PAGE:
Saturday, October 29, 2011

MyTeachingAide Giveaway

I have been keeping busy but very excited that I'm finally ready to post about my new adventure with MyTeachingAide. Many of you may know about my profound interest in designing and crafts particularly anything to do with  paper! Beautiful cards and artwork excite me and for many years, I've toyed with the idea of creating my own teaching aids and studio materials. My combined interest in music and designing has provided a unique opportunity to work on special projects and today, I'm thankful that I've been able to realize this dream of establishing my very own website! I am SO excited to be able to embark on creative projects, teach AND share my love for music all at the same time. It's been a very interesting journey planning and designing teaching aids and then coming up with the end product while learning new tricks at my computer :)

And NOW....on to something that I hope you find exciting, I'm extremely delighted to announce MyTeachingAide's first giveaway to celebrate the launch of the new web store .
This rhythm spinner features 2 rhythm templates on the board with a detachable plastic arrow. It also comes with 2 sheets of rhythm cards for a variety of activities with your students.
Use this for composing activities, rhythm exercises, counting beats and a memory game, see ideas here

Here are details to enter the draw:
  1. Leave a comment about a favourite teaching aid in your studio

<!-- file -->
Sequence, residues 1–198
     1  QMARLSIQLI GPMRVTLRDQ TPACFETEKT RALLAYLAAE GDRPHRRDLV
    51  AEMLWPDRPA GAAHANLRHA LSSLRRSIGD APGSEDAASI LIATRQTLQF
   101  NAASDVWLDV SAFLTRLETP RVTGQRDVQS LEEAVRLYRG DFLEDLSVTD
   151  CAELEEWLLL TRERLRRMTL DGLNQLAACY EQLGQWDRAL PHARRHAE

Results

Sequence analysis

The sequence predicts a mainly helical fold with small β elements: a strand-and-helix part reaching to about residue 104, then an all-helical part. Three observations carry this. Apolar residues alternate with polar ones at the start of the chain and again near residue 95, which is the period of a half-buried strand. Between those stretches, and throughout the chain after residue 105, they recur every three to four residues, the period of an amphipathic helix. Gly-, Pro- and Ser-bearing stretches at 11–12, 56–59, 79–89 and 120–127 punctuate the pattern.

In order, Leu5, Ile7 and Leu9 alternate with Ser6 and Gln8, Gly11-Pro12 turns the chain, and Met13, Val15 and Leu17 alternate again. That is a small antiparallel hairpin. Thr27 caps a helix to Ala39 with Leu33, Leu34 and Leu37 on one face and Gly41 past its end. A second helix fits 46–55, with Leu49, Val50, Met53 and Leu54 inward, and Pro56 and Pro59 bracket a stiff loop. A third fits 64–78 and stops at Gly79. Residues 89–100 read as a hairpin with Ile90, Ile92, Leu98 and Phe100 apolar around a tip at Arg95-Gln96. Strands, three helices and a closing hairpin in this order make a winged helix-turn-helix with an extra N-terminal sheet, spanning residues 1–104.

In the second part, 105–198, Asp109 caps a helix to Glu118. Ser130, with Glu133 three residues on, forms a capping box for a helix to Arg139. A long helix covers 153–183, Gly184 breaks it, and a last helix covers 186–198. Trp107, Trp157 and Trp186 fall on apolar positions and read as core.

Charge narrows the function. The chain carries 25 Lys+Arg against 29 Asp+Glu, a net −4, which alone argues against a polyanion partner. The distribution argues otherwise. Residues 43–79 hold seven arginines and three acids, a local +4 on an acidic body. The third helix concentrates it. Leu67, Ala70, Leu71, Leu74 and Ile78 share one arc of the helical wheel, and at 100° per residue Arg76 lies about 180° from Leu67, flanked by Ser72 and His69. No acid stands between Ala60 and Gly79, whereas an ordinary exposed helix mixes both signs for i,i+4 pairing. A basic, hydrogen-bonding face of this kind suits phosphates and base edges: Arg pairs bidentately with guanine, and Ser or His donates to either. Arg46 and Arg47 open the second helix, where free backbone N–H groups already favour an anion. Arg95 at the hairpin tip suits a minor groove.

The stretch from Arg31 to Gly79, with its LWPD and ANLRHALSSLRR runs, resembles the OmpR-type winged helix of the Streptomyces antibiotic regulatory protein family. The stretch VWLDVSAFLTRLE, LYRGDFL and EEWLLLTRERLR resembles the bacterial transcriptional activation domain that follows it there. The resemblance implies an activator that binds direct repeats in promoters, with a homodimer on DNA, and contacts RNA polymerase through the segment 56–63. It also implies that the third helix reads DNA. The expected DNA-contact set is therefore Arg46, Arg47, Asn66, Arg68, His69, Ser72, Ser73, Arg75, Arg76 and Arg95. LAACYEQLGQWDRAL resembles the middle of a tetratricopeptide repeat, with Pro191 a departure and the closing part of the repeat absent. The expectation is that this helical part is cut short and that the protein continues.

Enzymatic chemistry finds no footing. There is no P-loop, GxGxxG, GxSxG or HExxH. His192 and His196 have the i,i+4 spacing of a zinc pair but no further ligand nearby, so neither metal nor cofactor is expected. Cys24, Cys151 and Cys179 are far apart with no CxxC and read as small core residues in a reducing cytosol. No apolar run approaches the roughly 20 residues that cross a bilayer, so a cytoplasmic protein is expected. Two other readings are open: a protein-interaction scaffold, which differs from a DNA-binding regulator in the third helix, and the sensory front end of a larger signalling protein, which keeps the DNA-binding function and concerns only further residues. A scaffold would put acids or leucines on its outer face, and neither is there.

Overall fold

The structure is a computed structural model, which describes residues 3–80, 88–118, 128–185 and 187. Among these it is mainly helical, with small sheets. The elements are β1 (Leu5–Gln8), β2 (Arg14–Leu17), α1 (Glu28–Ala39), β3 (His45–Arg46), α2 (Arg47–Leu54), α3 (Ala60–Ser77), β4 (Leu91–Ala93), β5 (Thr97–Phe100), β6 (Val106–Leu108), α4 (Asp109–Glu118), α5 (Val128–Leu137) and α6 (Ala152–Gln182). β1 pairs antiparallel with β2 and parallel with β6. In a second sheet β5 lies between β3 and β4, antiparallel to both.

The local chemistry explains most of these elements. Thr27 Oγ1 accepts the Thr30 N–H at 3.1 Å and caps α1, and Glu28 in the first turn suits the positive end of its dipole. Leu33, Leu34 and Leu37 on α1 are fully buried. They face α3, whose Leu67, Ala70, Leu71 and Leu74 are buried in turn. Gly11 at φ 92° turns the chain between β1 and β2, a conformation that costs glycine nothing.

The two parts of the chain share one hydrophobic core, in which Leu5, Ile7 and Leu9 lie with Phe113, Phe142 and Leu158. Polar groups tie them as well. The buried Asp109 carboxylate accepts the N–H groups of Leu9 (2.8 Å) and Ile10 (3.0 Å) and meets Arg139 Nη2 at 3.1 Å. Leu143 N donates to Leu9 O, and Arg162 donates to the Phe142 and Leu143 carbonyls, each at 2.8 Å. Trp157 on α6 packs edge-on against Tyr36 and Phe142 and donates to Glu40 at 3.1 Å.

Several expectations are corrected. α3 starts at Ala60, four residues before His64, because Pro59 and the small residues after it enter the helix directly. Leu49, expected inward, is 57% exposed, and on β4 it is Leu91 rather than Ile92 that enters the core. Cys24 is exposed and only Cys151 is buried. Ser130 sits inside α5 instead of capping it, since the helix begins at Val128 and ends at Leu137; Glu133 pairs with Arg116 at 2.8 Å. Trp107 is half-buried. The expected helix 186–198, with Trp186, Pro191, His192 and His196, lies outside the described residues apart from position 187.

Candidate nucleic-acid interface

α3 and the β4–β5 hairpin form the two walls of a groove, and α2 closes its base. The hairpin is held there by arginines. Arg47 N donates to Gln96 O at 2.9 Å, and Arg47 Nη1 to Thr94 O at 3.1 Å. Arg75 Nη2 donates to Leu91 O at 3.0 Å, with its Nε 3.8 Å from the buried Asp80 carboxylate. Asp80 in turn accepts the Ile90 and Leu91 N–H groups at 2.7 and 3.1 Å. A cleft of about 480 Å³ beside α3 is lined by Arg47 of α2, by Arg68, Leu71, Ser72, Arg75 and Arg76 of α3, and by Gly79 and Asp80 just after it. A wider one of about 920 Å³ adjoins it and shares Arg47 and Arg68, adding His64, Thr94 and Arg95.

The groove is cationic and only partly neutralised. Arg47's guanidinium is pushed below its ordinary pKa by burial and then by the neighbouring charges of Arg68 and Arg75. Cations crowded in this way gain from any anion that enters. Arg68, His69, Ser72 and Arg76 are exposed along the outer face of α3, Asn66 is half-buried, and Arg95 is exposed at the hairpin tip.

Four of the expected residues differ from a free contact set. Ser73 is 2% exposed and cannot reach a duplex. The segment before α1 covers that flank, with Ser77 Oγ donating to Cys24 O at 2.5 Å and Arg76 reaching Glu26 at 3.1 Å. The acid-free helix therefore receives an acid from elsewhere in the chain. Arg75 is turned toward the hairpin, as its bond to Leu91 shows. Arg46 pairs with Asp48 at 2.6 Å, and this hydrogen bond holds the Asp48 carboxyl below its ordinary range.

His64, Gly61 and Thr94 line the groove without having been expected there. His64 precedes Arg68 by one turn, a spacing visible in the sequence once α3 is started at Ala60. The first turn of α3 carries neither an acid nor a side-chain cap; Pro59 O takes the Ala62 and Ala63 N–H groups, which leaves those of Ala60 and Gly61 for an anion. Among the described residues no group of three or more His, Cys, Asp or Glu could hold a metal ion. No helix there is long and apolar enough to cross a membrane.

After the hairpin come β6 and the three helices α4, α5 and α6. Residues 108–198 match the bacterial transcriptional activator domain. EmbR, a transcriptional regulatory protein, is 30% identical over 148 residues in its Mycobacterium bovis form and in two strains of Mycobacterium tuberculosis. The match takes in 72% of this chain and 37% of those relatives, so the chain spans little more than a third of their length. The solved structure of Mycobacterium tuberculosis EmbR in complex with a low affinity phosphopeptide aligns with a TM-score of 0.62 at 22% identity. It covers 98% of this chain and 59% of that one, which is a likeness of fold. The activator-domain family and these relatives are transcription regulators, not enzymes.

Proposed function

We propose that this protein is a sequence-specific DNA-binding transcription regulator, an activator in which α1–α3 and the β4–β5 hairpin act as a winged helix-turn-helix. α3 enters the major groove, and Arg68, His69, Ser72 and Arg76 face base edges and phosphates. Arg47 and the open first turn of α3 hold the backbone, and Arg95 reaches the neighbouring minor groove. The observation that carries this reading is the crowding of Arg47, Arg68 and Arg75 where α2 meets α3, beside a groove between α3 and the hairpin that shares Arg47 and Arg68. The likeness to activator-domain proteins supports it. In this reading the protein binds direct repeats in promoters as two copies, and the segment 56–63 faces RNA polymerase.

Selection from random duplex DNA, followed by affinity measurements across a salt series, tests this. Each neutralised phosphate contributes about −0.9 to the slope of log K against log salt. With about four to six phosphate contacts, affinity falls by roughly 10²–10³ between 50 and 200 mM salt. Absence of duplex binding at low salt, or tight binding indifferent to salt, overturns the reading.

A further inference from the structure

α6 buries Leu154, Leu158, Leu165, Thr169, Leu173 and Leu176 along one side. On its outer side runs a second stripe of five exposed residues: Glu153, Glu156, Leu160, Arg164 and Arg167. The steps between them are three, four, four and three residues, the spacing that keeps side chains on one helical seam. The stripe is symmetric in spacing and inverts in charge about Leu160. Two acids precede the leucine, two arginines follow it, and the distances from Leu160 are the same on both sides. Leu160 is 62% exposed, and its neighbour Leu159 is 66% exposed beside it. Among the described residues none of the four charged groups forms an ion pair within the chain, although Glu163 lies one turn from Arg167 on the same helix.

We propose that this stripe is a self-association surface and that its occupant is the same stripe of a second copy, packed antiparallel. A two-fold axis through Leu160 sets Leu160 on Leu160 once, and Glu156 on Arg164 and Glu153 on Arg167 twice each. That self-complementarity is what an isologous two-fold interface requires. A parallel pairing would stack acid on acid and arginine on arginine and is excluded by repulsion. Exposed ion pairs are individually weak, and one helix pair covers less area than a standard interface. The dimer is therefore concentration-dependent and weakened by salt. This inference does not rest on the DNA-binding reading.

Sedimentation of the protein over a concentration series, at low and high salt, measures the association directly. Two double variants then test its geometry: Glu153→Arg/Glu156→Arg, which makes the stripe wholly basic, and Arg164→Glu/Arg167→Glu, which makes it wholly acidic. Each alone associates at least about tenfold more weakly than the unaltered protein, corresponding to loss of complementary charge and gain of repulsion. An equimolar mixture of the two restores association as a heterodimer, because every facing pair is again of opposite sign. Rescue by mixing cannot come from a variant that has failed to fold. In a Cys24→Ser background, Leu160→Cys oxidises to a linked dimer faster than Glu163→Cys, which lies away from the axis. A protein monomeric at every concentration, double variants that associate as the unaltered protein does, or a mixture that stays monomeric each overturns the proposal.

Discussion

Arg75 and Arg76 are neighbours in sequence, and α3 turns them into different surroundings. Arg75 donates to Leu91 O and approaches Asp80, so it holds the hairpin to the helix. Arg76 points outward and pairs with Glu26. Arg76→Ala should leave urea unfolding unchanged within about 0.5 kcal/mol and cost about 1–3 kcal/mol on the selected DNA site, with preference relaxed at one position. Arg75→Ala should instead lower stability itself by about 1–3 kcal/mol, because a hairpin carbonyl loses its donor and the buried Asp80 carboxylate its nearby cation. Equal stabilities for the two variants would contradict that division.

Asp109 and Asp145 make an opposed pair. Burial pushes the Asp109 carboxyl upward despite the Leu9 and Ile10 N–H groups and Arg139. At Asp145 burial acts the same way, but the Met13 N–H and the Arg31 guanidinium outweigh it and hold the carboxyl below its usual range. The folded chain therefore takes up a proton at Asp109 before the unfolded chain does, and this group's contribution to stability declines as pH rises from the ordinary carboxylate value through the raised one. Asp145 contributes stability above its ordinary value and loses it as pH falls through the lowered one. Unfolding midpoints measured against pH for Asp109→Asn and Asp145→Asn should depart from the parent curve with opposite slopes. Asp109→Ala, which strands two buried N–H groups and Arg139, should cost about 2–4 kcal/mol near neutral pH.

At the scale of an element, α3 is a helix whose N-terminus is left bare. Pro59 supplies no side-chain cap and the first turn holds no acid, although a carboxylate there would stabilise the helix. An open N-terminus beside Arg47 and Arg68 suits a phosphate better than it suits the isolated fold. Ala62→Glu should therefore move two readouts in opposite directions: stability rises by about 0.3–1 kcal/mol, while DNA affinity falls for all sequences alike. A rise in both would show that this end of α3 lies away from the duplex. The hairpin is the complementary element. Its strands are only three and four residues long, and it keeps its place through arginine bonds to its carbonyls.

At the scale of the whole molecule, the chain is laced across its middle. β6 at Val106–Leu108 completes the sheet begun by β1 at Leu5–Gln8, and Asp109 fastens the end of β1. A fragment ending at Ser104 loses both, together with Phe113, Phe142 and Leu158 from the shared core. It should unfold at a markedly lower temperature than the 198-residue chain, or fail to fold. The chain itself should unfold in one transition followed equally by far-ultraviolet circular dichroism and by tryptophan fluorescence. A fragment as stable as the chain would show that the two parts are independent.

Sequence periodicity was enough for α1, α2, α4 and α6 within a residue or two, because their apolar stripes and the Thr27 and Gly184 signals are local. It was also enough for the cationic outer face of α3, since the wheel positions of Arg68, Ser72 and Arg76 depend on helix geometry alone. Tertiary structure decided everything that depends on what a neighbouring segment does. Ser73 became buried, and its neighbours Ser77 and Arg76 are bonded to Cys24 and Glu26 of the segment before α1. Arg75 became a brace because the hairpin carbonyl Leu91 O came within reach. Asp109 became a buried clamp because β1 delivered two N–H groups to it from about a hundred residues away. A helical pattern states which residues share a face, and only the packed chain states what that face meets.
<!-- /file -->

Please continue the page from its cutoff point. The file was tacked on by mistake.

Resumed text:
2. Follow MyTeachingAide on Facebook to receive another entry to the draw. If you like the materials from MyTeachingAide, I would be so thrilled to receive your support by clicking the "like" button below:.
    I'll be posting updates on new products as well as promotions and specials on Facebook as they become available.  
  3. For an extra entry, mention this post on Facebook or your blog (if you have one) and be sure to add a comment to let me know about it.
To celebrate the launch of MyTeachingAide.com, I am glad to provide a special discount of 10% off all items from the store. Just enter the coupon code "GRAND" at check out to receive 10% off your entire order (offer valid till Wednesday Nov 9th)

I look forward to adding lots of fun ideas and inventing new materials for the music studio. I'm tremendously motivated by tools that engage and inspire students that also serve to teach and deliver each concept well. There will also be a special section on the website for free resources that I'd love to continue sharing in an endeavour to carry on the friendly support within the piano teacher blogging community. Hope you like my creations :)

The deadline for the draw is Tuesday, 8th November and I'll be announcing the name of the winner on Wednesday morning (9th November) at 10am PST. Good luck everyone and look forward to hearing from you!

Wednesday, October 26, 2011

Major Minor Faces

I've been having so much fun capturing videos and just want to share this short Major Minor Faces video clip from one of my classes. I'm so looking forward to creating short instructional videos by these students themselves. I'm sure they would be much more excited watching themselves in the videos instead of plain ole Ms Wendy. For me, it's so fulfilling to switch places and watch these young musicians take their role as teachers and demonstrating their understanding of concepts learned.

Hope you enjoy this short video :)